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I'm trying to simulate a simple common-emitter transistor amplifier presented as an example in Practical Electronics for Inventors in Qucs.

The circuity is identical to the one presented in the book. To investigate the behavior of the amplifier, I feed a 100 mV square wave at the input.

circuity from the book circuity

It shows the voltage on the DC-blocking capacitor - it gets charged and starts output a stabilized AC signal, but unfortunately, it failed to show any voltage from the output side.

results

I've attempted various output levels and frequencies of the square wave generator, from 1 volts to 20 volts, but none of the simulations showed the switching or amplifying behavior of the transistor.

I also tried to use an AC-signal source, but in this case, the simulation takes forever to complete. This particular issue has been discussed by the developers from the official project, who explained that Qucsator, the simulation engine, is more suitable for RF circuits simulation in frequency domain, and is known to have problematic behavior running simulation in the time-domain.

Following the suggestion of the developers, I tried to run the same simulation in Qucs-S, which instead uses NgSPICE as the simulation engine. Qucs-S generated the following netlist,

* Qucs 0.0.21 /home/gaizi/qucs/trans2.sch
.INCLUDE "/usr/local/share/qucs-s/xspice_cmlib/include/ngspice_mathfunc.inc"
* Qucs 0.0.21  /home/gaizi/qucs/trans2.sch
R2 0 _net0  1K
C3 _net1 in  0.32U 
R3 in 0  110K
R4 0 in  10K
R1 out 0  10K
V1 0 0 DC 20
R5 _net2 _net0  74
C4 0 _net2  16U 
QT_2N2222_1 out in _net0 QMOD_T_2N2222_1 AREA=1.0 TEMP=26.85
.MODEL QMOD_T_2N2222_1 npn (Is=1e-14 Nf=1 Nr=1 Ikf=0.3 Ikr=0 Vaf=100 Var=0 Ise=0 Ne=1.5 Isc=0 Nc=2 Bf=200 Br=3 Rbm=0 Irb=0 Rc=3 Re=1 Rb=10 Cje=2.5e-11 Vje=0.75 Mje=0.33 Cjc=8e-12 Vjc=0.75 Mjc=0.33 Xcjc=1 Cjs=0 Vjs=0.75 Mjs=0 Fc=0.5 Tf=4e-10 Xtf=3 Vtf=0 Itf=2 Tr=1e-07 Kf=0 Af=1 Ptf=0 Xtb=0 Xti=3 Eg=1.11 Tnom=26.85 )
V2 _net1 0 DC 0 SIN(0 1 1G 0 0 0) AC 1
.control
echo "" > spice4qucs.cir.noise
echo "" > spice4qucs.cir.pz
tran 0.000990099 0.1 0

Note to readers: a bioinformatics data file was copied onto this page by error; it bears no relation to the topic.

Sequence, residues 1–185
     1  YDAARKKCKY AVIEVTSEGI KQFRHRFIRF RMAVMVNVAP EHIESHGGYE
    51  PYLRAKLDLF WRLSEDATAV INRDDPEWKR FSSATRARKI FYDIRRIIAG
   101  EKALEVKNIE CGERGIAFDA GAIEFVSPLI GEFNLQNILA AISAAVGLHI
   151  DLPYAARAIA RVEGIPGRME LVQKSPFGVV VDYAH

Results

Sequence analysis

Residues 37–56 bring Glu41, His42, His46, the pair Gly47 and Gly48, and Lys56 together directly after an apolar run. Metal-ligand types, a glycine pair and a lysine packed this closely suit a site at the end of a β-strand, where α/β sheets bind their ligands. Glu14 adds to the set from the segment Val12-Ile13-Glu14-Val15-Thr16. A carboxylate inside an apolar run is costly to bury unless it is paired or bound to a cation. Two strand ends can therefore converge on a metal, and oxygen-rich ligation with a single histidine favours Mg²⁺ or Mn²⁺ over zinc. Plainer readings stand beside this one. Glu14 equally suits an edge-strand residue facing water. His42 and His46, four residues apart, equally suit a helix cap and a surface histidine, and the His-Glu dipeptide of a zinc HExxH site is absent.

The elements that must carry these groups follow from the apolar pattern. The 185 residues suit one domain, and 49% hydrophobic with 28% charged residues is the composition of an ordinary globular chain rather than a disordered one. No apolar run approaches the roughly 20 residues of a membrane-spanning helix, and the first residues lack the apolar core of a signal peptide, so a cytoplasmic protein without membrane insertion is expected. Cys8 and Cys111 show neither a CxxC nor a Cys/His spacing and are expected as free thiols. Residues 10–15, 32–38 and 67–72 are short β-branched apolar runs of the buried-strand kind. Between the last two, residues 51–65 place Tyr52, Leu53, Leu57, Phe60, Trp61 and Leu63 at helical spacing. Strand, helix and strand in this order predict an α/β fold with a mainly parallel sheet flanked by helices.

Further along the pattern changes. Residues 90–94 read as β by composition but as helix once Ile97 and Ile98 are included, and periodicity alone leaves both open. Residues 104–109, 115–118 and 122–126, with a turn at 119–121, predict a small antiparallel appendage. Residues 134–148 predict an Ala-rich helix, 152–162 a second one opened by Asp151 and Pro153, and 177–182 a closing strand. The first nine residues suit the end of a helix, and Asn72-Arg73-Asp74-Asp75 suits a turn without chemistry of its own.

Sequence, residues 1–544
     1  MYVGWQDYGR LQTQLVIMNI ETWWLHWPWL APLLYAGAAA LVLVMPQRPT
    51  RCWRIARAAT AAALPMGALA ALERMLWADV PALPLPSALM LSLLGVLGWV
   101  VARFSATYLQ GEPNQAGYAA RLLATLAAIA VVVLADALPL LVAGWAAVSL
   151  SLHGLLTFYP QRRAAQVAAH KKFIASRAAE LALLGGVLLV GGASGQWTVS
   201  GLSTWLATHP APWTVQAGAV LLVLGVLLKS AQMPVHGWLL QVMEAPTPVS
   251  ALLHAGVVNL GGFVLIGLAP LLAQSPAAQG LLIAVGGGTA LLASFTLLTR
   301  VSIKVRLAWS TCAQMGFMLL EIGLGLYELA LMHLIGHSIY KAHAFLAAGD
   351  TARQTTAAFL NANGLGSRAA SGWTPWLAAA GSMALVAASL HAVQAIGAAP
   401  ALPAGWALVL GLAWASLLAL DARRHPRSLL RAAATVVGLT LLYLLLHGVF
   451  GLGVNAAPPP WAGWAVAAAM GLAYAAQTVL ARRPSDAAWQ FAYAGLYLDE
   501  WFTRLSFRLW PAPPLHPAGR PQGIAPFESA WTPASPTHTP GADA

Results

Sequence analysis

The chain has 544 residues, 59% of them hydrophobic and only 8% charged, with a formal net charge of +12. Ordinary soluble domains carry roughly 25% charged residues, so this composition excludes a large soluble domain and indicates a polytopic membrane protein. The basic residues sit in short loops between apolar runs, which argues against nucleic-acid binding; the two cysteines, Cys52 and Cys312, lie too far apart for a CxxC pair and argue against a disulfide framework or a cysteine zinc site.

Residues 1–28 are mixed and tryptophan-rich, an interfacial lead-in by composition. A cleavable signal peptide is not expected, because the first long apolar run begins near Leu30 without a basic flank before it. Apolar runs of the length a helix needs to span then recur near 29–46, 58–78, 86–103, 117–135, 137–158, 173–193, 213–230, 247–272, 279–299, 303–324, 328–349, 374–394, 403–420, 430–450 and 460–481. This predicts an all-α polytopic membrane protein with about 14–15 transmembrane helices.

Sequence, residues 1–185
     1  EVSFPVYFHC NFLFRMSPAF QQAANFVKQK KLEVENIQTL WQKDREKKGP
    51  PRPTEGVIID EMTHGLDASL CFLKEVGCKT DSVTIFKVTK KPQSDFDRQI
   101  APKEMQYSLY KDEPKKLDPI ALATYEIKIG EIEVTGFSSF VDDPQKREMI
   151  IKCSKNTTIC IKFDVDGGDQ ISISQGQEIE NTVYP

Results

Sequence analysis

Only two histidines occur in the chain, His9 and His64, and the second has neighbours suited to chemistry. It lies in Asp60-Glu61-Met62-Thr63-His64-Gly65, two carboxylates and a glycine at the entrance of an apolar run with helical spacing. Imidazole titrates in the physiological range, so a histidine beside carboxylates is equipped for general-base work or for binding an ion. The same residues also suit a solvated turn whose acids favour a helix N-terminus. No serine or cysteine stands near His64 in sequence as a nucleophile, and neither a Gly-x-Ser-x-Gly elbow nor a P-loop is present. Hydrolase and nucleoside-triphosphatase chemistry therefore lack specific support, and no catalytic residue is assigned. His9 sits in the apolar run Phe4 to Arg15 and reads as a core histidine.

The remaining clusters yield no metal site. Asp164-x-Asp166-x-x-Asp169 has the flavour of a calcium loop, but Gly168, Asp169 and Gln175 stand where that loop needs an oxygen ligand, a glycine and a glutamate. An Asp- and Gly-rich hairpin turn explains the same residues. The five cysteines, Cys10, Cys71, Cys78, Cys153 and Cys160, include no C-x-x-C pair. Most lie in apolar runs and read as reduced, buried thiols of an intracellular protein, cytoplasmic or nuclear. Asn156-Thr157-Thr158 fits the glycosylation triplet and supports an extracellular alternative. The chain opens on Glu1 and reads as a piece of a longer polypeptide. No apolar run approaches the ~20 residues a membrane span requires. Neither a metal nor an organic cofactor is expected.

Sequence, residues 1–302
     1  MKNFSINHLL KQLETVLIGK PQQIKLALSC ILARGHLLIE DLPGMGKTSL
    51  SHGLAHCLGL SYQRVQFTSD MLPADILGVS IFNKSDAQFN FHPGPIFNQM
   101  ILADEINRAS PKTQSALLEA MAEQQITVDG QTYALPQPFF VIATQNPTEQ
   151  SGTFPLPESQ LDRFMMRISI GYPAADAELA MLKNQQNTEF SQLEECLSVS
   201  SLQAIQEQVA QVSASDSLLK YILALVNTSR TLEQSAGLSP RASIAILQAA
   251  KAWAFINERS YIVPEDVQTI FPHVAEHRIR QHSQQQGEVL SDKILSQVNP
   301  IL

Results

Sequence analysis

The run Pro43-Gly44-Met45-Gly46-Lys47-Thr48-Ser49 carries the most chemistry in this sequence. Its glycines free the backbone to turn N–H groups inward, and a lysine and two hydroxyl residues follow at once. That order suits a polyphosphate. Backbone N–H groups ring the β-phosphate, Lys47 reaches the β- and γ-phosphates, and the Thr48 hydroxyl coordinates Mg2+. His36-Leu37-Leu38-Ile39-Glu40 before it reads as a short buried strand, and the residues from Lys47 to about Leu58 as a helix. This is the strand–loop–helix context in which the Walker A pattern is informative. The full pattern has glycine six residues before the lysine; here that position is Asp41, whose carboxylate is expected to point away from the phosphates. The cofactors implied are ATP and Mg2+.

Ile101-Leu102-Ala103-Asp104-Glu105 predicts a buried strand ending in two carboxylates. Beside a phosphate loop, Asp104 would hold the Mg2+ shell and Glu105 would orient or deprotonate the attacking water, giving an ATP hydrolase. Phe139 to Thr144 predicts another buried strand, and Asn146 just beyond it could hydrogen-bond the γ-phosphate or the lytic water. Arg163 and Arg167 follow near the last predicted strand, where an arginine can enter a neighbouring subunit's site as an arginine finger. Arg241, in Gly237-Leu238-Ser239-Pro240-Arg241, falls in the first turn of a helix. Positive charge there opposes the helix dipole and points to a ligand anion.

write trans2_tran.txt v(in) v(out) 
destroy all
reset

exit
.endc
.END

But in this case, the simulation doesn't even run.

$ ngspice netlist.cir 
******
** ngspice-30 : Circuit level simulation program
** The U. C. Berkeley CAD Group
** Copyright 1985-1994, Regents of the University of California.
** Please get your ngspice manual from http://ngspice.sourceforge.net/docs.html
** Please file your bug-reports at http://ngspice.sourceforge.net/bugrep.html
** Creation Date: Sun Jan 20 13:41:46 UTC 2019
******

Circuit: * qucs 0.0.21 /home/gaizi/qucs/trans2.sch

Doing analysis at TEMP = 27.000000 and TNOM = 27.000000

Fatal error: instance v1 is a shorted VSRC
doAnalyses: operation not supported

It says the voltage source v1 is shorted, which doesn't make sense.

My question is,

  1. The circuit doesn't output anything in the original Qucs simulation with a square wave signal source, why? Is there something wrong in my circuity, or that I've hit some known limitations of the simulation?

  2. Why can't the netlist generated from Qucs-S be simulated by NgSPICE? I've heard using multiple ideal voltage sources at the same time in a SPICE simulation may be problematic, then, what is the appropriate way to simulate the behavior of the circuit under a signal source?

Thanks.

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V1 0 0 DC 20

The net connections for V1 are 0 and 0 i.e. you have both sides of the 20 volt battery connected to the same net. If you looked at your input waveform as it settles down you can see there is no bias voltage on the square wave and this also implies the supply voltage is connected incorrectly.

Compare this with R4: -

R4 0 in  10K

Clearly that is correctly connected between node 0 and node "in".

Aha, here's the problem: -

enter image description here

You have the 20 volt supply shorted out!

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  • \$\begingroup\$ Eagle eyes! Thanks! ;-) Obviously this is exactly where the problem lies. I reconnected the battery and the simulation works like a charm now! I think this is one of the pitfalls of GUI tools in general, after watching a graphical representation for hours, one may no longer see a mistake like this one. \$\endgroup\$ – 比尔盖子 Apr 1 at 15:23
  • \$\begingroup\$ At least Falstad tells you there is an error if that happened \$\endgroup\$ – Tony Stewart Sunnyskyguy EE75 Apr 1 at 15:57

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